How to Remember the Piano Notes Without Using Mnemonics

What’s the easiest and quickest way to remember the piano notes without using mnemonics? In this article, I’m going to show you how.


how to remember the piano notes


If you’ve been wondering how to remember piano notes, you’ve probably come across several tactics such as using mnemonics like FACE and Every Good Boy Deserves Fruit. But are they really that helpful?


In this article, we’re going to discuss why mnemonics might not be the most effective way to remember notes and what tricks you can use instead to identify notes more easily.


Why mnemonics are not useful for remembering notes

A common approach to remember notes is to use mnemonics such as the following:


mnemonics for the space notes

mnemonics for the line notes


While these mnemonics are useful in remembering the notes long term, they are not so useful when it comes to identifying notes quickly, which is ultimately what we want.


The biggest problem I see in using these mnemonics is that in order to identify a note (or letter), you need to go through many steps, as we’ll see with the example below.


N.B.: For the letters EGBDF, I’ve used Every Good Boy Deserves Fruit here, but sometimes you’ll see Every Good Boy Deserves Fudge or Every Good Boy Deserves Food, which just makes things more confusing.


To show you why these mnemonics are not the most effective ways of recalling notes, let’s take an example.


Say we want to identify this note:

treble B

Here’s the process you would need to go through:

  1. Recall the appropriate mnemonic – this step in itself requires you to remember the correct mnemonic which corresponds to the right staff and the right type of note. The note is in the treble clef and it is a line note so the right mnemonic would be Every Good Boy Deserves Fruit. I know this because I know that the line notes in the treble are EGBDF but there is no way to remember which is which.
  2. Now that you’ve got the right mnemonic, go through the words until you’ve landed on the right one (Every Good Boy – Boy).
  3. And finally, take the first letter of the word (Boy) to get the letter B.


Phew! That’s a lot of steps for just one note, isn’t it? Imagine having to go through these steps for every single note, every time you’re reading music!


Surely there’s a quicker way?


In fact, there is.


The easier and quicker way of remembering piano notes

A more effective way of recalling the notes is to learn the landmark notes. These notes are used as landmarks, as a point of reference, with which you can then read the other notes.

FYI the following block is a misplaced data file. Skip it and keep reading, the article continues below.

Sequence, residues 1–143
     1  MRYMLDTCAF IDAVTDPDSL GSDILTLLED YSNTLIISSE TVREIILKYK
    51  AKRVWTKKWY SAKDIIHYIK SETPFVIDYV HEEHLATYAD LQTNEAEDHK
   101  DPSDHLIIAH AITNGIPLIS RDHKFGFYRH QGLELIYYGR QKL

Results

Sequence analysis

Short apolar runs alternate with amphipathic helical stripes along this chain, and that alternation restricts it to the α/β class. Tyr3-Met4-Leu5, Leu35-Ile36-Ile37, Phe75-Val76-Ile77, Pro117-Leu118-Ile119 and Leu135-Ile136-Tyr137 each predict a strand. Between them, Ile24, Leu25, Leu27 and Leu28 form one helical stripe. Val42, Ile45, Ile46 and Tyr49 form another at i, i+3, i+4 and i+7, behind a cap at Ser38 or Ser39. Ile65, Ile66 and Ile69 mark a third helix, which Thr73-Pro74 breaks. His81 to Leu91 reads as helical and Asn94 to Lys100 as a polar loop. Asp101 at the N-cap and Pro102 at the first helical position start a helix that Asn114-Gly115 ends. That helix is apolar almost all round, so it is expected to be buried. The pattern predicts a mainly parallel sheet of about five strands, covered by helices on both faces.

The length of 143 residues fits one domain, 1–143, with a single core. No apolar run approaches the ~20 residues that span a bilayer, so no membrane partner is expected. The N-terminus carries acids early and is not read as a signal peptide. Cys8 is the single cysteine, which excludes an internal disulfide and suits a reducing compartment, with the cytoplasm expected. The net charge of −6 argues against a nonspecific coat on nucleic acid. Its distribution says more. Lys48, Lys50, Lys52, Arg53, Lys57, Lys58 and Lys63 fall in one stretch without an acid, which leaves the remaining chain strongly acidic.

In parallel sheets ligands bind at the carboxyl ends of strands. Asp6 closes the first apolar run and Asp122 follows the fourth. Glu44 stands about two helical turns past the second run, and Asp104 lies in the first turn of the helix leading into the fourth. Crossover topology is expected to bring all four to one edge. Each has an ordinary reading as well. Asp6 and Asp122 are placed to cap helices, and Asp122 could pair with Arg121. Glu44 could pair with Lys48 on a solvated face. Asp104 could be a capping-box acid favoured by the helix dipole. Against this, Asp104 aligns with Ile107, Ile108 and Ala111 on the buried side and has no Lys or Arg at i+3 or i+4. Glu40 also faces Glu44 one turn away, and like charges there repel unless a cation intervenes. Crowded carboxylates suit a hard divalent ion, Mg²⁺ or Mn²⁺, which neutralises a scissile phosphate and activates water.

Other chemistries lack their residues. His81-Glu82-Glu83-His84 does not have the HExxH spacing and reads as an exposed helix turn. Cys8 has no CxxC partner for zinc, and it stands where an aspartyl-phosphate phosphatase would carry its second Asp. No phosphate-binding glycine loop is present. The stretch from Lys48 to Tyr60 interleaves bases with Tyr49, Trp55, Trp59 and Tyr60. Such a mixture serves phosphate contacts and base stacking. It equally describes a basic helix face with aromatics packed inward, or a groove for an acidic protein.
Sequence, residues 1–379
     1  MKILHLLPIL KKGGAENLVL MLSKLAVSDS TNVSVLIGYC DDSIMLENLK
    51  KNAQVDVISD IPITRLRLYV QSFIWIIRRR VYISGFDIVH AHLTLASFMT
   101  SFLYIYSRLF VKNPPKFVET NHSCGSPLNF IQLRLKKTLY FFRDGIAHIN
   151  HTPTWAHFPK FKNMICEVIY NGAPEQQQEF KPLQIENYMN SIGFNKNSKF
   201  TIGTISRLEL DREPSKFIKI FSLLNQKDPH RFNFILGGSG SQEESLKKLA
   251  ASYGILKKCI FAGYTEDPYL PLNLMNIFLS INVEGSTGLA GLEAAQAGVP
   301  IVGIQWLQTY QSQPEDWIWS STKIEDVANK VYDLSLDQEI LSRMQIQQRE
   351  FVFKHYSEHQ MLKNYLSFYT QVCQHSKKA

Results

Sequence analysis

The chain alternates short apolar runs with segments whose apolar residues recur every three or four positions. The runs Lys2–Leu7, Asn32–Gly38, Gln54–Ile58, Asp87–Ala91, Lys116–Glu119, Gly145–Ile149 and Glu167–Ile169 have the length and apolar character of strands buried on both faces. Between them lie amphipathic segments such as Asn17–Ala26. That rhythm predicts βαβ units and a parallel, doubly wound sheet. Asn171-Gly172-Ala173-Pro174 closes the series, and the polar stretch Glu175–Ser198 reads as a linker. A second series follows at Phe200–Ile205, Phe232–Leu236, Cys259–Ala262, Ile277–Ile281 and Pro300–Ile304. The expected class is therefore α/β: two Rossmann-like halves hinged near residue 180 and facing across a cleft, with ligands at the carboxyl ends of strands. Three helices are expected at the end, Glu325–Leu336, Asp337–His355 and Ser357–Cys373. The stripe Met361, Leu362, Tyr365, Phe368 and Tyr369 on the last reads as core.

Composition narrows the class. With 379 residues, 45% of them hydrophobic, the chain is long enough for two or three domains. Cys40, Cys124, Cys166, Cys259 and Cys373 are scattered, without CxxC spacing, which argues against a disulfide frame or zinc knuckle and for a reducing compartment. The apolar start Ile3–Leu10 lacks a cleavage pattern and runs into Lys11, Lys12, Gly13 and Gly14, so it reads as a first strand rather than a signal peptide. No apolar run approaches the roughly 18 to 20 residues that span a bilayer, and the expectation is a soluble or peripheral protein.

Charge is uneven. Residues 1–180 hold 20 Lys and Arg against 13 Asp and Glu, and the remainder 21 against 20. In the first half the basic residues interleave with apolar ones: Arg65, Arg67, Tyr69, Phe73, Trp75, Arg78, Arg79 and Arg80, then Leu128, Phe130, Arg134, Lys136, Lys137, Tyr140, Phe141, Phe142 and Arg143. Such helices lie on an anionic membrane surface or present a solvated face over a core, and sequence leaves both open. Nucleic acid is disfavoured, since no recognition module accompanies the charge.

The landmark notes include C’s and F’s in the bass clef and C’s and G’s in the treble. Notice how the notes are a mirror image of each other.


landmark notes


landmark notes of the piano

Recognising landmark notes is immediate and doesn’t require you to translate the notes into anything other than what they represent. So, upon seeing a treble G, for example, you would immediately recognise it as a G. This means you avoid all the extra steps that you need to go through with the mnemonics and go straight to the letter.


Using intervals

To read the notes in between the landmark notes, you would use interval recognition.


LEARN MORE >> How to Identify Intervals on the Staff Quickly


Because the landmark notes are either a fourth (C to F) or a fifth apart (C to G), you only need to recognise seconds and thirds (or steps and skips).


Let’s take a few examples.

Let’s say we want to figure out the second note in this example:

skip from middle C


We know that the first note is middle C, as it is one of the landmark notes. The following note is a third, or a skip, above middle C, so it must be E.


Let’s do one more.

step below bass F

We know that the first note is F, as it is one of the landmark notes. The following note is a second, or a step, below F, so it must be E.


Practice time

To put into practice what you’ve learned in this article, have a go at the following drills:




Or better still, sign up to the Note Reading Challenge! It’s a FREE 5-day email challenge where you’ll learn the notes in treble and bass using the landmark notes including notes on ledger lines and notes with accidentals. You’ll get training videos and exercises straight into your inbox.


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  • Charles Abate says:

    In my opinion, learning to read music is the greatest obstacle to learning to play the piano. As a ninety-year-old beginner, finding E-Z Play Today sheet music has given me hope that I can learn to play to my satisfaction in my lifetime. If you want to read books in Latin, you first have to learn to translate Latin. If you want to read conventional sheet music, you’ll have to learn to translate it first. Why are we stuck in this rut? There are so many other fascinating and necessary things to learn in the process of playing this beautiful instrument.

    • I must admit that I had to Google “E-Z Play Today” as I had never heard of it. Now I know what you call that type of notation.
      Yes, reading music is difficult to begin with but once learned, it opens so many doors, not just to piano music but to any music. Sheet music remains the best way to capture the essence and all the fine details of a piece of music.

  • Picture of Emmanuelle Fonsny

    Emmanuelle Fonsny

    Emmanuelle Fonsny, or Manu, is a piano and violin teacher, composer and accompanist based in Sydney, Australia. She is passionate about sharing her love of music and her sight-reading and practice tips to help other pianists become more confident sight-readers.



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